August 2, 2010

Dictator Watch - Aug 2, 2010 Russian Invasion

The Dictator Watch hasn't been my focus of late, since President Obama's domestic agenda has overshadowed his foreign relations shortcomings.  Some things cannot be ignored however.

Russia is testing President Obama's resolve.  Luckily, Canada responded instead;
Canada's Department of National Defense said its jets had intercepted two Russian bombers near Canadian airspace on Wednesday, the latest in a series of such incidents over the past few years.

The two TU-95 bombers were a few hundred nautical miles east of Goose Bay in the province of Newfoundland, Defense Minister Peter MacKay said Friday in an interview on CTV television. The Russian planes didn't enter Canadian airspace and turned back without incident, said a spokesman for the North American Aerospace Defense Command.

Mr. MacKay said there have been roughly 50 such incidents during the past three years, as Russia probes Arctic airspace near Canada. Mr. MacKay said his government has requested notice from Russia when its planes come so close.

"We are going to be there to meet and greet them every time," he said.
Russia is denying that one of its aircraft approached Canadian airspace three days before U.S. President Barack Obama visited Ottawa on Feb 19.

Canadian Defence Minister Peter MacKay said Friday that Canadian CF-18 fighter jets at Cold Lake, Alta., scrambled to intercept the plane on Feb. 16 after North American Aerospace Defence Command (Norad) detected the Russian Bear long-range bomber headed for Canada.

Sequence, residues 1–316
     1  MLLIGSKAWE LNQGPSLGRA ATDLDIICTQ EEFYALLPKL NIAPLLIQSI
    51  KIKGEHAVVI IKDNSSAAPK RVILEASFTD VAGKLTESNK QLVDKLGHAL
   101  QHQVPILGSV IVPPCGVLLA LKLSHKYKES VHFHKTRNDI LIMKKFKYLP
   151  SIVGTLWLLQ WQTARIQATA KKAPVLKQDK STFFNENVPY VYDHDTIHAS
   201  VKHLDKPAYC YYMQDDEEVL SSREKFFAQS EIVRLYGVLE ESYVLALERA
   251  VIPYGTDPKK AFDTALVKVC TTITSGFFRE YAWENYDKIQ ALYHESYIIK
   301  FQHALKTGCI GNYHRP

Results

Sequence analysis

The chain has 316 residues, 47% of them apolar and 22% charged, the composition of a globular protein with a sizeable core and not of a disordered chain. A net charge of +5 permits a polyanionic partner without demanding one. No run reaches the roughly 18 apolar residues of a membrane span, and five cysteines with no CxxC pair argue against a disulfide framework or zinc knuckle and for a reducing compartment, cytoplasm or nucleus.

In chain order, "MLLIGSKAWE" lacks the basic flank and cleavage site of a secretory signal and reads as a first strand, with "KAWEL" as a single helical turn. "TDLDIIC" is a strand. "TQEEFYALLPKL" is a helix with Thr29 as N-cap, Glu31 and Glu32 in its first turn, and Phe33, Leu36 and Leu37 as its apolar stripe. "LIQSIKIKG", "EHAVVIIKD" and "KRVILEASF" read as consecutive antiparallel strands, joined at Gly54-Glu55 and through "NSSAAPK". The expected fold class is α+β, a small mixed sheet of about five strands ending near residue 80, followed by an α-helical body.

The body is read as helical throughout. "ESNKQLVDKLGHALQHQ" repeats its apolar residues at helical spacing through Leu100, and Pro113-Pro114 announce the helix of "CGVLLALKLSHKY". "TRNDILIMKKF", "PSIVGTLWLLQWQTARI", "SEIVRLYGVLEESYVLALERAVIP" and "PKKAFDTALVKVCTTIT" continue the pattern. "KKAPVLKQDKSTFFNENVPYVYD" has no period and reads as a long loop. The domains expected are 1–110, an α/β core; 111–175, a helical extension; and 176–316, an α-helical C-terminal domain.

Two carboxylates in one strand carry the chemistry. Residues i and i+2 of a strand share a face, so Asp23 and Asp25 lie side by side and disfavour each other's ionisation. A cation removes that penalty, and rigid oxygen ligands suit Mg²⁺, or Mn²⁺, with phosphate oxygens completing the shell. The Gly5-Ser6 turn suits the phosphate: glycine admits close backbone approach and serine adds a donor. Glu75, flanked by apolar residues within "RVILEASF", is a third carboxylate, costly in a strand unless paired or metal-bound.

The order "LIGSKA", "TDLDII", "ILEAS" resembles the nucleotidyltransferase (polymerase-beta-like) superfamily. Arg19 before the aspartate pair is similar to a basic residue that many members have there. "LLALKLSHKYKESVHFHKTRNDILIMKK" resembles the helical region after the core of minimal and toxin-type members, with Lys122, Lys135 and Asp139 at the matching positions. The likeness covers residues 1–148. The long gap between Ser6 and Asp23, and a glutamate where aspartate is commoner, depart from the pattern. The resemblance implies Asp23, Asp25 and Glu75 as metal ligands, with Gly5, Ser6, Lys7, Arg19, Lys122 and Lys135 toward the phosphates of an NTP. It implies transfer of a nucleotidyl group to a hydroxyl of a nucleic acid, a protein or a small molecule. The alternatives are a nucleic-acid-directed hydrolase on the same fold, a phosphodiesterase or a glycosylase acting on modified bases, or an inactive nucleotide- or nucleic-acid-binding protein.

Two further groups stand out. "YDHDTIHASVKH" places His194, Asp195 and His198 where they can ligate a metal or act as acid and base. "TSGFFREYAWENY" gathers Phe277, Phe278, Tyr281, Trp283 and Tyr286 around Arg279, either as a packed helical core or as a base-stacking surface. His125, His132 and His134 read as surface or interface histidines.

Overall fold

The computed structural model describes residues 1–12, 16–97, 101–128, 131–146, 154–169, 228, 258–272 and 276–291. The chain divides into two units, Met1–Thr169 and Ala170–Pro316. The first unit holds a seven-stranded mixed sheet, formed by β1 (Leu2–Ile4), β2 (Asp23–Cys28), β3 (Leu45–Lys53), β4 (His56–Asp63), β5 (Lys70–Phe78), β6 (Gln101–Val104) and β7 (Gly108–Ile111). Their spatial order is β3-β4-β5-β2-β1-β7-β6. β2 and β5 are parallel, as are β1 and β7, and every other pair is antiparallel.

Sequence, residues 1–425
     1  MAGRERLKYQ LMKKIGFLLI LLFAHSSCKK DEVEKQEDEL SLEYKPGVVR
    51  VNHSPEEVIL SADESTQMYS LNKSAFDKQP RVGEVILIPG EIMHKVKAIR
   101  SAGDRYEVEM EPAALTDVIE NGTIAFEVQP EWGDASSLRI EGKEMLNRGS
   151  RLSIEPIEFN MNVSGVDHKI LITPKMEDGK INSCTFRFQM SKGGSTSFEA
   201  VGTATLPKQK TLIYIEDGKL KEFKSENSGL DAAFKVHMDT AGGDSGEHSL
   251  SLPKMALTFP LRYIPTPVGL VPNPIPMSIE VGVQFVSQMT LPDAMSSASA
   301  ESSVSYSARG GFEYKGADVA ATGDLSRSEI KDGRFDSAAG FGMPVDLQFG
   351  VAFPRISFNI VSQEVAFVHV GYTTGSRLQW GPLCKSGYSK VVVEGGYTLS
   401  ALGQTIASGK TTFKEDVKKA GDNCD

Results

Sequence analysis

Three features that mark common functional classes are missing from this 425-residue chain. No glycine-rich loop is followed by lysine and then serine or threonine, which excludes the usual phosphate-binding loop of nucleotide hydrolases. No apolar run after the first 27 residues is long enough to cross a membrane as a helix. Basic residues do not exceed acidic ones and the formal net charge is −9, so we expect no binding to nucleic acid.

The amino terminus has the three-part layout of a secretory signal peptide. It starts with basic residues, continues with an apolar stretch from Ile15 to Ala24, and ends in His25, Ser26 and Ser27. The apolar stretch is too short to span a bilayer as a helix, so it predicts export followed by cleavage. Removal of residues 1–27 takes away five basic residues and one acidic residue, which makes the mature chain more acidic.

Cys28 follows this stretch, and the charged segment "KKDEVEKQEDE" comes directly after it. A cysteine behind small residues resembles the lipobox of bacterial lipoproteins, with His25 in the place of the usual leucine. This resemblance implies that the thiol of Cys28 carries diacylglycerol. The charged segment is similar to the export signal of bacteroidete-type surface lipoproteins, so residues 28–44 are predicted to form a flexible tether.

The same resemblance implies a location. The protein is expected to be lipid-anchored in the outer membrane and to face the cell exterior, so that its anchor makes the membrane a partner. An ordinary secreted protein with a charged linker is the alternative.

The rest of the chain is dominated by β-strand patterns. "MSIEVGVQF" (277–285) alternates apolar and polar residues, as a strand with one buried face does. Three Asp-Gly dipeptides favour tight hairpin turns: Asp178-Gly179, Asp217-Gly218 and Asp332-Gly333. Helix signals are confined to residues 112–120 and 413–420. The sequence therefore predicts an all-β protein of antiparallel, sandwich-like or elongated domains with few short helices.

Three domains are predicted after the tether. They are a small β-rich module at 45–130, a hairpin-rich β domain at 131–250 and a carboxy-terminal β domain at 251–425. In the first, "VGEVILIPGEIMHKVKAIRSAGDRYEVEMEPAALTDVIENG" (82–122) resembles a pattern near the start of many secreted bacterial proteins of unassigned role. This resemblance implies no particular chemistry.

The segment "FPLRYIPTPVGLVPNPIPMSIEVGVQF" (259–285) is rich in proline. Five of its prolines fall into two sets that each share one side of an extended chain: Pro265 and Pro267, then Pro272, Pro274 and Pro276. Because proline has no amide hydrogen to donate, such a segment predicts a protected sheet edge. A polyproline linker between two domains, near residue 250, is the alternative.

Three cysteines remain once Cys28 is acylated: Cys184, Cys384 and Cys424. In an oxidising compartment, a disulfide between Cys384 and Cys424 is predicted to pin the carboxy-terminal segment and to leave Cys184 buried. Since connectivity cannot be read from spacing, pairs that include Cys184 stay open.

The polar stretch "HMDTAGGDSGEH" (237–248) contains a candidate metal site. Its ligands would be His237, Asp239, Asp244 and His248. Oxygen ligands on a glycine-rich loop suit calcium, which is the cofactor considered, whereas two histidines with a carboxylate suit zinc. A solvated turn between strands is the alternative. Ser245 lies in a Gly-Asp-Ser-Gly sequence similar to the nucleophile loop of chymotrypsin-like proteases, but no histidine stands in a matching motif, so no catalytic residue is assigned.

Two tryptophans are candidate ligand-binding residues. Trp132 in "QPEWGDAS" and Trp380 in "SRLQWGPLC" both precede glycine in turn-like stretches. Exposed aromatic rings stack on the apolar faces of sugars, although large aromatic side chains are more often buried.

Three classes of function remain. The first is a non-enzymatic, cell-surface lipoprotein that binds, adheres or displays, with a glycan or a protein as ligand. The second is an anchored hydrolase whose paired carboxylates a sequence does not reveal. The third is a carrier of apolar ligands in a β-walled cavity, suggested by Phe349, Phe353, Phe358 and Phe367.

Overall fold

The aircraft never did enter North American airspace.

MacKay confirmed the incident at a news conference in Ottawa with the chief of the defence staff, Gen. Walter Natynczyk, and the commander of Norad, Gen. Gene Renuart.

However, Russian Defence Ministry spokesman Alexander Drobyshevskiy said Friday the planned flight of the Russian long-range strategic aircraft was part of "regular military training and air patrol plans in the northern latitudes.

"All the international flights regulations were strictly respected," he said in a statement. "Therefore, the very possibility of a violation of Canadian airspace is out of [the] question. The adjacent countries were informed of that flight in good time."

Yevgeniy Khorishko, a spokesman at the Russian Embassy in Washington, also appeared to downplay the incident.

"It was a routine flight over international airspace," he told CBC News.

Obama arrived in Ottawa on Feb. 19 to meet with Prime Minister Stephen Harper. He spent six hours in the nation's capital.

MacKay told reporters he wasn't accusing Russia of deliberately timing the flight to coincide with the visit — when Canadian security was focused in Ottawa — but he did call it "a strong coincidence, which we met with … CF-18 fighter planes and world-class pilots that know their business."

"[The pilots] sent a strong signal they should back off and stay out of our airspace."
While Russia was quick to dismiss the event, clearly there was an issue. Canada's conservative government - the same one that walked out on Ahmedinejad's U.N. 'speech' - have been quick to respond and have answered with resolve on more than one occasion. Good for them.

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